Background information to The Sage Gateshead and our Access to Excellence
a) The Sage Gateshead is a path-finding initiative. Our artistic programme is
integrated in ways that are unique in the UK, placing equal weight on learning,
participation and performance as tools for the delivery of our mission (music),
and seeking always to connect the learning, participation and performance
elements of our work.
b) We combine the key characteristics of international venue, education provider,
community music organisation, commissioner of new work and laboratory for
new pedagogies. Our work is regionally rooted, locally distinctive and
c) The success of our work over the last five years bears out the effectiveness of
this approach, which recognises no contradiction between access and
d) The Sage Gateshead has been designed, organisationally and architecturally, to
be able to play a significant role in the current national transformation of music
education, capitalising on:
• our strongly connected, diverse, pioneering Learning and Participation
programme across five counties (Tyneside, Durham, Northumberland, Tees
• our proven commitment to programming and presenting all musics of
• our landmark Norman Foster building itself designed to bring seamlessly
together the worlds of learning and performance.
e) The Sage Gateshead is making a distinctive, dynamic contribution to the national
music education debate, reflecting:
• five years of leadership unique in its bringing together of the cultural and
• a holistic pedagogic philosophy, which is exactly mirrored in our
organisational structure and programming;
• an integrated approach to young people’s musical development, grounded
within broad, secure alliances across all relevant sectors.
f) We have established and energised extensive local, regional and national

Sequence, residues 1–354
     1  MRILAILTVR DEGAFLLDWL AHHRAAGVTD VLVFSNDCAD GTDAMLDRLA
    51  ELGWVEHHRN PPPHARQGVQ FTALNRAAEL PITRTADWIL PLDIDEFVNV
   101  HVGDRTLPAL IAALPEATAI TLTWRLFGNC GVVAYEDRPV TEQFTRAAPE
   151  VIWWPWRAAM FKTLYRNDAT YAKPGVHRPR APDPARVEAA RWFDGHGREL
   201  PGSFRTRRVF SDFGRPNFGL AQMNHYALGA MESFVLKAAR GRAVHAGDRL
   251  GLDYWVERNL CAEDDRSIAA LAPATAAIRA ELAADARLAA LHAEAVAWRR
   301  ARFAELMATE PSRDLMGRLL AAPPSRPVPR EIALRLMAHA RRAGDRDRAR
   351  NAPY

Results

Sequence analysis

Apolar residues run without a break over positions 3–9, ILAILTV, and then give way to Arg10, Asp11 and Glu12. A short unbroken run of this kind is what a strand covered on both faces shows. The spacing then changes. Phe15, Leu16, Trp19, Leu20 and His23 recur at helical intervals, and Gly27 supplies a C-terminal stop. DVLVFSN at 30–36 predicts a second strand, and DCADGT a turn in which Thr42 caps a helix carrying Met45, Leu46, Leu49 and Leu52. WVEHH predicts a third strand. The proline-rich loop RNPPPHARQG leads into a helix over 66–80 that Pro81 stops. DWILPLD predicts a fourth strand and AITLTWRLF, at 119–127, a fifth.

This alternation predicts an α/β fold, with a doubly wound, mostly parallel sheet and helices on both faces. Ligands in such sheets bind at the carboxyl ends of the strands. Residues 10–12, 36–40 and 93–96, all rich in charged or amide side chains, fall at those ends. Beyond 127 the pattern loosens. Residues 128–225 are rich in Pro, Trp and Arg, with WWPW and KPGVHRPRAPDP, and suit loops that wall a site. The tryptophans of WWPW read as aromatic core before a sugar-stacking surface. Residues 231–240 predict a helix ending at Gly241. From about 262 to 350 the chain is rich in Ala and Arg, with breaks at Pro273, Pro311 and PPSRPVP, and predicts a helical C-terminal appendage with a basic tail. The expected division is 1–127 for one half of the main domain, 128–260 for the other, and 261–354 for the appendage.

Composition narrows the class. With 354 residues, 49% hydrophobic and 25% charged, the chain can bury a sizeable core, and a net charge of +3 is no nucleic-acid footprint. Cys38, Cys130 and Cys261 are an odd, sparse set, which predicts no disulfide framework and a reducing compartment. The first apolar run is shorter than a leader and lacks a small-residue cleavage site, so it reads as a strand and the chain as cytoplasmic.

partnerships during the first five years of our work. Our work on this second stage
of our programme will harness the energy of those relationships in common
purpose, significantly adding to the value of all our joint investments.
g) We are a mature and significant player in our sector, having a clear history of
commitment to the philosophies of practice now emerging as national models.
We are proud that our work has led to other organisations and networks taking
up and developing some of the key principles we have been pioneering since
i) Focus on learner(s) – putting young people first
ii) Focus on the importance of a joined up landscape of musical opportunities,
offering clear, multi-entry, adaptable progression routes for all children and
iii) Young people’s participation in decision making – making a clear, proven
commitment to young people as leaders and choice-makers of their own
iv) Workforce development using fitness-for-purpose models - bringing together
historically separated pedagogies and uniting ‘community musicians’ and
‘music educators’ in equal exchange and dialogue for the well being of
v) Equity of all musics
vi) Focus on KS 2 - 3 transition opportunities through music, and for music
vii) Family learning with the under 5s through music, and for music
viii) Focus on the voice as central to musical development.
h) The diverse financial framework we have established to support our programme
ensures that we build a broad base of stakeholder interest and support. This
richness of partnership has been noted as a strength of our approach to building
i) The five aims of the Music Manifesto and the aims and objectives of The Sage
Gateshead’s Learning and Participation programme are strongly aligned and
See Hitting the Right Notes – Learning and Participation at The Sage Gateshead, DEMOS/DfES/Paul Hamlyn
Foundation, July 2005
Creative Transitions Phase 1 - part of The Sage Gateshead Access to Excellence
The Creative Transitions Project worked with primary and secondary schools across
Newcastle, Darlington and Redcar between March 2006 and June 2008, collaborating
with school staff and local Music Services to deliver a range of participatory music
making activities both within and outside of school settings.
Key Project Findings
• The opportunities provided by the Creative Transitions project encouraged young
people’s creativity and music learning in a variety of ways, leading many previously
disengaged primary- and secondary-aged pupils to re-engage with music learning.
• Following their participation in project activities, young people spoke of their newly
developed enthusiasm for, and confidence in music making and there were clear